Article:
Once the witness, which is one in all of us, lets go of this focus, once it ceases to believe in and identify with an empirical-ego-in-the-world, it is released from its captivation-in-acceptedness. Then, both empirical ego and its surrounding world disappear into thin air, for they are nothing but projection in the void. What remains is the self-experience of the witness while the transcendental ego is still constituting experience though the world and empirical ego are both reduced to the ideas of the world and the ego. The witness’s experience of itself is not an experience in the ordinary sense of the word in which there is an object and a subject of experience separated from one another; this distinctive experience belongs only in the world; once the empirical ego and the world are annihilated natural experience ceases to be; instead there is unitive experience, namely Transcendental Experience, in which no subject–object polarity exists. This transcendental experience cannot be known or understood unless the world disappears and the face of the witness appears. It is a mode of experience unknown to us insofar as we perceive the world and ourselves as humans in it.
The distinctive mark of transcendental experience is the way time is experienced in it. In our natural world-experience we experience time as a flow from the future to the past; we cannot conceive of a now-moment that has no before and no after. But this is precisely the way the transcendental ego constitutes the world and its time; it constitutes the now-moment with the sense of the past and future attached to it. In natural experience the moment always appears to be slipping away, but it is the slipping away that is appearing in the moment. The world always appears to be coming and to be going, but it is the becoming and the begetting that are appearing in the moment as the world. The world appears to us with the sense of facticity and historicity constantly meant through but not caused by appearances. Past and future are themselves appearances within the ceaseless stream of transcendental constitutions; it is this appearance that provokes in us questions of “where are we coming from?” and “whereto are we going?” But all these are arisen simply because we have taken our natural experience of time for granted. In reality, our coming and our going are themselves appearances that are themselves not coming nor going but constantly constituted from above. It only appears that the world and we in it have a history, a past and a future. The truth is that in each moment you are witnessing the birth of the world anew.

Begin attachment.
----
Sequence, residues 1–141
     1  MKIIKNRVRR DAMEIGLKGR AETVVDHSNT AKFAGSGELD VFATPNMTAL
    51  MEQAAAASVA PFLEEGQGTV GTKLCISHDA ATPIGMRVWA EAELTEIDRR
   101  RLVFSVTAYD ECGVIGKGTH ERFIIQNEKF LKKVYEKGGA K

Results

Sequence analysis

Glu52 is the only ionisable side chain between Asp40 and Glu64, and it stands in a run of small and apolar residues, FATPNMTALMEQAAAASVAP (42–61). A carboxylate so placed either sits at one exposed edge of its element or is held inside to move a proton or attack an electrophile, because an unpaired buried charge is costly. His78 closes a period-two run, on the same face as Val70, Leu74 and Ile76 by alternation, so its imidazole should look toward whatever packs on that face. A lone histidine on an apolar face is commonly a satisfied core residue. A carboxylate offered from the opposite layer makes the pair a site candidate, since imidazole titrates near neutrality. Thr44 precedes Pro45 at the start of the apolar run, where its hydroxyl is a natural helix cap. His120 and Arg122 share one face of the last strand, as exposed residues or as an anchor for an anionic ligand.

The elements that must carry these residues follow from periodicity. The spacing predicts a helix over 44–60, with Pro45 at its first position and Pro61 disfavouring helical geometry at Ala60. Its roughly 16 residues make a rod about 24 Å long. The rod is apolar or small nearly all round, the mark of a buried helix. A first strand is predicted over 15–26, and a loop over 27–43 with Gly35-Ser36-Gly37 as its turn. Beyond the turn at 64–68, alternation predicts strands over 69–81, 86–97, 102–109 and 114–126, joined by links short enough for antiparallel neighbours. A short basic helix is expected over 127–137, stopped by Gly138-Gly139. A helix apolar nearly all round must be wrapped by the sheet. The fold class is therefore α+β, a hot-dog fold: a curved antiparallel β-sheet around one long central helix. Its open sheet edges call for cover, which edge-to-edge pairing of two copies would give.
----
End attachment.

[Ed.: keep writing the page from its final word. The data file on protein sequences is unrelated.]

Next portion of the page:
In transcendental experience our natural experience of time is annihilated with the world. We then have a transcendental experience of time in which we cannot conceive of a before or an after. There time has no before or after; it is an eternal now. It is then that we realize our immortality, the immortality of the witness, because the witness stands outside time. Thus, in transcendental experience which is a unitive experience without subject-object polarization you are no more a human person, there is no mind or personality or even existence in the ordinary sense, and hence this experience is the same for all; you are nothing whatsoever; it is the witness witnessing itself in a way that the witness and the witnessed are not two separate things. Transcendental experience is nondual experience pure and simple. That is why it is called the Inexpressible Reality, or truth itself. Transcendental experience is standing in the face of the truth, and this standing is possible only when all things but truth itself, the witness, are annihilated out of the way; and then, who is there to express and who to impress!
In natural experiencing the appearance that we come from a place and a time and are going to another place and time is nothing but the constitution of the transcendental ego. The witness is always outside the appearance, watching it from above: It has not come from anywhere and is going nowhere, for there is nowhere else but here and no other time but now; the witness is transcendent to all place and time; and yet it is all that there is. Thus, awakening is never a human awakening, for humanity is itself the dream from which the witness must wake up, or more precisely release itself.
The empirical ego too has two principal modes, the proactive ego and the reactive ego. In another post I will write about these two aspects of the empirical ego. We will see that egotism or selfishness is a possibility within the empirical ego and not the transcendental ego nor the witness.